Currently on View in T21
Never Odd Or Even is a palindromic phrase which reads the same way in both directions. It practically spelled itself out for me magically, letter by letter, in a moment of inspiration, but I thought that surely someone must have already thought of it. When I looked it up in a list of palindromes, I found that they had. Still, I don’t think its origination is the important thing. Rather its application as a two-way message in a two-way passage is what impresses me, especially as it relates to the message of odd and even. The same letters group and regroup themselves into words of odd or even numbers of letters, depending on one’s direction of travel. The work suggests that meaning and interpretation are relative and are a function of one’s position and orientation in the world. Things are never all one thing or all the other all the time, but unstable and conditional constructs that are subject to change. In this regard the message and the passage smoothly work together to reinforce each other.
The passageway presents a unique architectural opportunity as the setting for a moving viewing and reading experience, rather than as a static one in which the viewer normally stops before an artwork to contemplate it. Here the walls function like a giant page and the viewers’ bodies function like eyes scanning a page as they proceed through the tunnel. The way we read, from left to right, requires that as the viewer enters the tunnel from the garage, the wall on the left will carry the message forward, the letters counted off and paced one by one, in rhythm with their steps. Whereas the opposite wall of text will read forward as one leaves the museum. Conversely, the respective opposite walls read backwards, while containing the exact same sequence of letters, only spaced differently.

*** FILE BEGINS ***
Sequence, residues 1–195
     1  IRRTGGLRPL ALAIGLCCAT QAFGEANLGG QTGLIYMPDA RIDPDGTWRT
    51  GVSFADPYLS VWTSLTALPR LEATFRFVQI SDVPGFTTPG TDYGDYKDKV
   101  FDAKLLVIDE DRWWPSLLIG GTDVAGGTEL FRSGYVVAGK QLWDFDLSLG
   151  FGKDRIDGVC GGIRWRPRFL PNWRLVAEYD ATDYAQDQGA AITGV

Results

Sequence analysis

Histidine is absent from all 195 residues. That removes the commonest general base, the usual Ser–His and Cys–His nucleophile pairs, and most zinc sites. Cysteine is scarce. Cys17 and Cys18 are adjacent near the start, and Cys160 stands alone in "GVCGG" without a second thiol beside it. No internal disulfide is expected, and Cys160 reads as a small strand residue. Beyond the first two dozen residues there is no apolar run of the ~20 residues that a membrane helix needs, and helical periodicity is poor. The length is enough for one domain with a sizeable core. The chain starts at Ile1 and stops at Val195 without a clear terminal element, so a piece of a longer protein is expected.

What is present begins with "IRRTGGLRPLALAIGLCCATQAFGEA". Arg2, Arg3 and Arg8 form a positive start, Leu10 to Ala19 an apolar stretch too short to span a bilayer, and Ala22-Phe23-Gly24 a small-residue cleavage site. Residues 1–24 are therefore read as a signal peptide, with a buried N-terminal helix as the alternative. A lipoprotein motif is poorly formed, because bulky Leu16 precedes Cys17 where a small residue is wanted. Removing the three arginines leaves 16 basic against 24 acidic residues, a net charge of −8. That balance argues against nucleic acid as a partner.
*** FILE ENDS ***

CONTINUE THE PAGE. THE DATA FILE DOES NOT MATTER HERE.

I rejected a system of two alternating negative and positive colors, representing odd and even, in favor of a system of three alternating colors which underscores the anti-odd and -even message of “never odd or even,” and in which each letter is “assigned” a color and a color field which it maintains throughout the palindromic event. This more complex and fluid arrangement seemed to be consistent with the message that the possibilities for enumeration and identification range beyond conventional numerical and philosophical systems.
Commissioned by the Indianapolis Museum of Art, 2004